Research

African American History & Genealogy

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Local History

African Heritage in the Low Country "...is entirely dedicated to records that document the family and cultural heritage of African Americans in the historic rice-growing areas of South Carolina, Georgia and extreme northeastern Florida, home to the rich Gullah/Geechee cultural heritage."

Africans In the Low Country details the history of African-Americans and their arrival and history in the Low Country along the Atlantic Coastal Plain. Presented by the National Parks Service

Black/African-American Genealogy Websites contains over seventy genealogy websites and their links useful for searching African-American family histories.

In Those Days : African-American Life Near the Savannah is a website with oral histories from elderly African-Americans in Elbert County, Georgia, and Abbeville County., South Carolina. Sponsored by the National Parks Services.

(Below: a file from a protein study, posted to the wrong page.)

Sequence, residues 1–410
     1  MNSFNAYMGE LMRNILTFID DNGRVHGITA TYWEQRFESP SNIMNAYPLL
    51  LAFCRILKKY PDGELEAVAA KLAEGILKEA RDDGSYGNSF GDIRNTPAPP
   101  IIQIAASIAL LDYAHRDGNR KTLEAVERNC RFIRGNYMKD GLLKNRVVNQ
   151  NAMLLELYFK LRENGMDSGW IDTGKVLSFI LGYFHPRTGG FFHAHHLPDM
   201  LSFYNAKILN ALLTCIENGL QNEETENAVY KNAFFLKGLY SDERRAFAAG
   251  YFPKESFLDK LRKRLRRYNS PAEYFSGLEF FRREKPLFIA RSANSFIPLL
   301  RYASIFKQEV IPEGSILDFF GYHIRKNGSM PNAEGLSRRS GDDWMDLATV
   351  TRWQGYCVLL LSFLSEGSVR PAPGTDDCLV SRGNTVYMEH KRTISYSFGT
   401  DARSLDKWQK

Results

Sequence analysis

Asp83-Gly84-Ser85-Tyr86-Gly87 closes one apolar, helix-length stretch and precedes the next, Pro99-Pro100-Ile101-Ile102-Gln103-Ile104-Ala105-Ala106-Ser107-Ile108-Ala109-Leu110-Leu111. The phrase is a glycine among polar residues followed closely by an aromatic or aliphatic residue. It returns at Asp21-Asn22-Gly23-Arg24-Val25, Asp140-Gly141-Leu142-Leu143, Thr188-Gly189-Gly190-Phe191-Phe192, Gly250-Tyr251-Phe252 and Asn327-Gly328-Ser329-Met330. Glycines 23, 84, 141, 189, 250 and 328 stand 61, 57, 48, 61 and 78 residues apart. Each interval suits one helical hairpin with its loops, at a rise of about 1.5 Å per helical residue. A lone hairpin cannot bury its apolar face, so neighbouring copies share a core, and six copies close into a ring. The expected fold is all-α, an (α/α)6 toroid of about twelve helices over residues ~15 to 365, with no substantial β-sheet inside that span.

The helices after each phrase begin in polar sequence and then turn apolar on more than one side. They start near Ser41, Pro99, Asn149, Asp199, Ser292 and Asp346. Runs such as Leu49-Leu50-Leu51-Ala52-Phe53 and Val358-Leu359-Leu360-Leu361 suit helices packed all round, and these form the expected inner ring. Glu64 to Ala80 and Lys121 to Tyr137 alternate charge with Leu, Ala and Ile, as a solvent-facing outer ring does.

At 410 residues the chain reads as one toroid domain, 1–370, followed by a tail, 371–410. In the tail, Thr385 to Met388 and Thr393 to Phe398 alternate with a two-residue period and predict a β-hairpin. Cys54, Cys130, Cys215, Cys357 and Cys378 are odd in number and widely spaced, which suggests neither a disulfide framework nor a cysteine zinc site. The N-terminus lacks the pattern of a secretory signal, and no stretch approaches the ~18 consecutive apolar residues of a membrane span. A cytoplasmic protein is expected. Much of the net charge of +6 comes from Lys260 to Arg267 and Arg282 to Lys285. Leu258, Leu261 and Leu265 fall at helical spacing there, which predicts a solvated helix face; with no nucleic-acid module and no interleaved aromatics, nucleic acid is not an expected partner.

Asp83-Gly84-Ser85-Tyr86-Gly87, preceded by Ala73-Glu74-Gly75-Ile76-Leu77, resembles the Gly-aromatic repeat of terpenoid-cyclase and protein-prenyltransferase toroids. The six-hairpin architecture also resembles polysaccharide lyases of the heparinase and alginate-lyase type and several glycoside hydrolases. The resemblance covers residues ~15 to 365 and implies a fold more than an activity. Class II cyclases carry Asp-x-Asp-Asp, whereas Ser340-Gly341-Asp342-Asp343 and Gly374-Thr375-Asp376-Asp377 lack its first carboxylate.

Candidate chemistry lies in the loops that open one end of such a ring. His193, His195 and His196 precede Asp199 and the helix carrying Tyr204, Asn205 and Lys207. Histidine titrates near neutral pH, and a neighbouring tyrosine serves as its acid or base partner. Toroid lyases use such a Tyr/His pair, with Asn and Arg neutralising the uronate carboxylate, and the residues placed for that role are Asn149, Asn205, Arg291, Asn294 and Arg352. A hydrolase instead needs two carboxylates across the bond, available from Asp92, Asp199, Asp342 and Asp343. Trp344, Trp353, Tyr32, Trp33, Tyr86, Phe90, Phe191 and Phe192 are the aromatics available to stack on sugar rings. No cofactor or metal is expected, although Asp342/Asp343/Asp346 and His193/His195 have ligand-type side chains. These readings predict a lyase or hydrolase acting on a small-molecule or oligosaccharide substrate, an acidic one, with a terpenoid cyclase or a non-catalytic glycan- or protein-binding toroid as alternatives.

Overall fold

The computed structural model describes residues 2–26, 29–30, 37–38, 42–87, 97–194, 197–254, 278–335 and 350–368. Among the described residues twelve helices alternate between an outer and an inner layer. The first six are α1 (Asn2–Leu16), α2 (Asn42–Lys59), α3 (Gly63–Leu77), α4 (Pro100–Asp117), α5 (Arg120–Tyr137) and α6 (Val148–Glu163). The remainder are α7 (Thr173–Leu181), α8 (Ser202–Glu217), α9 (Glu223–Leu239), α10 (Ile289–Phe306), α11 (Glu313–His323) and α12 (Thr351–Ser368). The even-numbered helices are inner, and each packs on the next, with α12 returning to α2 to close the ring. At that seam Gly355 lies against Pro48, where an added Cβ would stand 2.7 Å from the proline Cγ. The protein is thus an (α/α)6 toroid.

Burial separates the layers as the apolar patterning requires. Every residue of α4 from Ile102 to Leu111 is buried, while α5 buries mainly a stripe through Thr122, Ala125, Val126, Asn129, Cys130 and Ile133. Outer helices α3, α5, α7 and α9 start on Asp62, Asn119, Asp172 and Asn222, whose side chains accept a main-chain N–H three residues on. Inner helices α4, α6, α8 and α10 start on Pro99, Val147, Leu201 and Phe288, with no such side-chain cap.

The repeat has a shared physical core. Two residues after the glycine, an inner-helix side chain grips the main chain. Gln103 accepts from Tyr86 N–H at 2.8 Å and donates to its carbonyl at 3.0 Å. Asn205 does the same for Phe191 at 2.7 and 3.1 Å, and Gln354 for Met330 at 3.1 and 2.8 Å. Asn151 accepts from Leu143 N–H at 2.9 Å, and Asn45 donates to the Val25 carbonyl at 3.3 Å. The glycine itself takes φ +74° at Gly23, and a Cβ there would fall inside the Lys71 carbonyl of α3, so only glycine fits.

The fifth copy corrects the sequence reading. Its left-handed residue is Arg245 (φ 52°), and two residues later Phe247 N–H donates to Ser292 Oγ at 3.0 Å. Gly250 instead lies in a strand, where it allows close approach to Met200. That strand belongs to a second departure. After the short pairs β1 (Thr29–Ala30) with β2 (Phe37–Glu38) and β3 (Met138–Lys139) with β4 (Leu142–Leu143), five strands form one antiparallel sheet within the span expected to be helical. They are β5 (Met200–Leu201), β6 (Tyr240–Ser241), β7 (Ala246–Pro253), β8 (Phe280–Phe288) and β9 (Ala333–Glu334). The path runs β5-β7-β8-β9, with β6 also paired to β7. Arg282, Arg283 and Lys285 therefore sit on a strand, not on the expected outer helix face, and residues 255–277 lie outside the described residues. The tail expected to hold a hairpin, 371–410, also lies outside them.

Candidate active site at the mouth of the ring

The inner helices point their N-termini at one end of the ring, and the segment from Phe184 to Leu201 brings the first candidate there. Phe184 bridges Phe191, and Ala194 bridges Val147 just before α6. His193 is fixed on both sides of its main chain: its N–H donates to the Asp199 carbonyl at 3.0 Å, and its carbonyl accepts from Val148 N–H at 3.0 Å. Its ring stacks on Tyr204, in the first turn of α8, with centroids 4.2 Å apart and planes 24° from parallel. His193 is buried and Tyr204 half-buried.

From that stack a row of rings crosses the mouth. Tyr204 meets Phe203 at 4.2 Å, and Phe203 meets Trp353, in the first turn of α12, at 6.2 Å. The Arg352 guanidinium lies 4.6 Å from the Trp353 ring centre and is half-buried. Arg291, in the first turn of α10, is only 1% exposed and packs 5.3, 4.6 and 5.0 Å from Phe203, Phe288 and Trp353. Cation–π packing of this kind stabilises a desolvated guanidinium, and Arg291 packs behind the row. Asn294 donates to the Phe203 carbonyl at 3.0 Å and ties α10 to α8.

King-Tisdell Cottage Foundation Researchs, collects, interprets and presents African-American history and culture through exhibits, art, films, lectures, oral history, tours and publication.

W.W. Law Foundation exists for the sole purpose of supporting the continuation of the work of Savannah civil rights activist, W.W. Law. The Foundation supports the operation of the W.W. Law Research and Preservation Center.

Tubmann African-American Museum Visit this museum in Macon, Georgia with exhibits dedicated in honor of Harriet Tubman.

A Work In Progress From the Savannah Morning News website, a chronological history of African- American politicians in Chatham and surrounding counties. Published 2/17/2007.

Genealogy

Africana Heritage Project Sponsored by the University of South Florida, provides African- American genealogy and history resources and databases.

Trans-Atlantic Slave Trade Database "has information on almost 35,000 slaving voyages that forcibly embarked over 10 million Africans for transport to the Americas between the sixteenth and nineteenth centuries. It offers researchers, students and the general public a chance to rediscover the reality of one of the largest forced movements of peoples in world history."